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 Why Adobe, Macromedia united for video-software fight
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Message Text: Adobe Systems Chief Executive Bruce Chizen says it took the Sept. 11, 2001, terrorist attacks for him to end a two-year feud with Macromedia's Rob Burgess. Three years later, a new threat from Microsoft convinced them to combine the software companies...

Chizen and Burgess had clashed in 2000, when Adobe sued over a patented method for organizing information. Video-program maker Macromedia filed its own claim over graphics and sound-editing software the following year. The two settled in July 2002.

Chizen said the company's April 18 agreement to buy Macromedia for $3.4 billion was spurred in part by Microsoft's plans to introduce software that competes with Adobe. Adobe also wanted to expand its products to take a larger share of the market for digital content such as the Flash video software that Macromedia makes.

Seven days after Chizen announced the purchase, Microsoft Chairman Bill Gates demonstrated Metro, a technology like Adobe's Portable Document Format (PDF) in the next version of Windows, due in late 2006. The plan sets up a fight to control how files from word-processing documents to video will be created and distributed on PCs and mobile devices.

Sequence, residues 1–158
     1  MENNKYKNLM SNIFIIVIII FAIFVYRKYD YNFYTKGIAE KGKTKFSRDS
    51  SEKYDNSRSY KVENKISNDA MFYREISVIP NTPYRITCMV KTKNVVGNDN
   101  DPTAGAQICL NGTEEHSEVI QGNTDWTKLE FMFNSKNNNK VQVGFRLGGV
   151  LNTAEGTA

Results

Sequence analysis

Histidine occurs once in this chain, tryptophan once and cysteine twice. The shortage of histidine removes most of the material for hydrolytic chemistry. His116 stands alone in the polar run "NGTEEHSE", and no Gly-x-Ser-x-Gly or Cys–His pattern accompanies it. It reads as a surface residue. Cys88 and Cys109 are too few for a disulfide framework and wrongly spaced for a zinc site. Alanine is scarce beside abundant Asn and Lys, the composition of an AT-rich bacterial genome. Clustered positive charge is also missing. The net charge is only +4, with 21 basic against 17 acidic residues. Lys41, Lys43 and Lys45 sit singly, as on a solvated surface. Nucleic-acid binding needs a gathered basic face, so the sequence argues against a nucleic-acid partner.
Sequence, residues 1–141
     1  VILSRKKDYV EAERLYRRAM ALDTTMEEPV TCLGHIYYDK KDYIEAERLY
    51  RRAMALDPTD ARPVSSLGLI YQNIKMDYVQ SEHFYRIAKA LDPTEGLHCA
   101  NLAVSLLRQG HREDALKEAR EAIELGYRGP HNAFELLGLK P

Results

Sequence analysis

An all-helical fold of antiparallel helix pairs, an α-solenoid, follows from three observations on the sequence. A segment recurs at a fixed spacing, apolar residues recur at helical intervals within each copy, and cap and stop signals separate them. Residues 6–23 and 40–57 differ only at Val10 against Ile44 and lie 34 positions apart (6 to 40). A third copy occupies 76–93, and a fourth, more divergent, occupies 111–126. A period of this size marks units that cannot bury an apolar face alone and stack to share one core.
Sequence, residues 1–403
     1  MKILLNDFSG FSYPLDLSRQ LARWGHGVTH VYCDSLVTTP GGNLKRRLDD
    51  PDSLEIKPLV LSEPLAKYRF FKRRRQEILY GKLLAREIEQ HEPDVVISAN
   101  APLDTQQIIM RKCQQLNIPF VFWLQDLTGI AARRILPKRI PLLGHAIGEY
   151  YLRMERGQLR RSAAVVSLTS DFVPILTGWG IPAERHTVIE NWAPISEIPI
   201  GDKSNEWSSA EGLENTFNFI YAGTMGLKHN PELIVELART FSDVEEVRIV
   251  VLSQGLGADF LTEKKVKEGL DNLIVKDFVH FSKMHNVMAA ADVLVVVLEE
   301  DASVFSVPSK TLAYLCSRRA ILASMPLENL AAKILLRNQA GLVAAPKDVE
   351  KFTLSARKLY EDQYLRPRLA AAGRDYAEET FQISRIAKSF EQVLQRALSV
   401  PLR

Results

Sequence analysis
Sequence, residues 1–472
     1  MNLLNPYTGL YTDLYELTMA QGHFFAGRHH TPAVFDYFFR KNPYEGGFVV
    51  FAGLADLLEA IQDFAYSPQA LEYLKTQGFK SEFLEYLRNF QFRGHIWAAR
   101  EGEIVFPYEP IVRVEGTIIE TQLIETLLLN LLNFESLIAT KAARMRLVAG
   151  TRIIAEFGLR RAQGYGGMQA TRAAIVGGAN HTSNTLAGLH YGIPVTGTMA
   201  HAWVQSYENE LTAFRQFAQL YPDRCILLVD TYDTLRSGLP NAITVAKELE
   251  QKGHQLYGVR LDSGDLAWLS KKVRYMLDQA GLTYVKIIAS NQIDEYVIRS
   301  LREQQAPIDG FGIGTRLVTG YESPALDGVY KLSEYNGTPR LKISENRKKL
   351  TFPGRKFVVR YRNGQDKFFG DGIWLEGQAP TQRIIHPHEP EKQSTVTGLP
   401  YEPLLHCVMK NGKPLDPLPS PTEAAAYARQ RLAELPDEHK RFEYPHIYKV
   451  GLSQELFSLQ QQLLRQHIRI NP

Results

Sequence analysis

Microsoft's $36.8 billion in annual sales dwarfs Adobe's $1.67 billion. Microsoft, the world's biggest software maker, spent $7.78 billion on research and development to Adobe's $311 million. If Microsoft includes PDF-style features in Windows, the technology will be distributed as widely as Adobe's.

Adding Macromedia's Flash enables Adobe to bring its technology to non-PC devices much faster than the company could do on its own, Chizen said in the interview last week.

Adobe will pair PDF, a file format that Chizen calls the "de facto standard" for sharing documents, with San Francisco-based Macromedia's Flash software, used in 98 percent of PCs to play videos. The programs will tie into more than a dozen products the companies offer to assemble documents, videos and animation.

Acrobat, the program sold to designers and business users to create PDF files, accounted for 39 percent of Adobe's sales last quarter, up from 16 percent five years ago.

The Metro program will improve the printing technology built into Windows in 1997, said Greg Sullivan, Microsoft's group product manager for Windows. "Today when we create and share and print and archive documents, we lose a considerable degree of fidelity," Sullivan said. Users "would like to see the kind of plumbing for this end- to-end document management improved in Windows."

The program's success depends on how quickly users switch and on persuading printer and handheld-device makers to add code that makes it possible for their products to display or print documents in Metro format.

To spur acceptance, the company is offering Metro free to developers.

Microsoft's past success using its Windows monopoly to crush competitors may have left developers leery, Chizen said.

The complete story is available at The Seattle Times.
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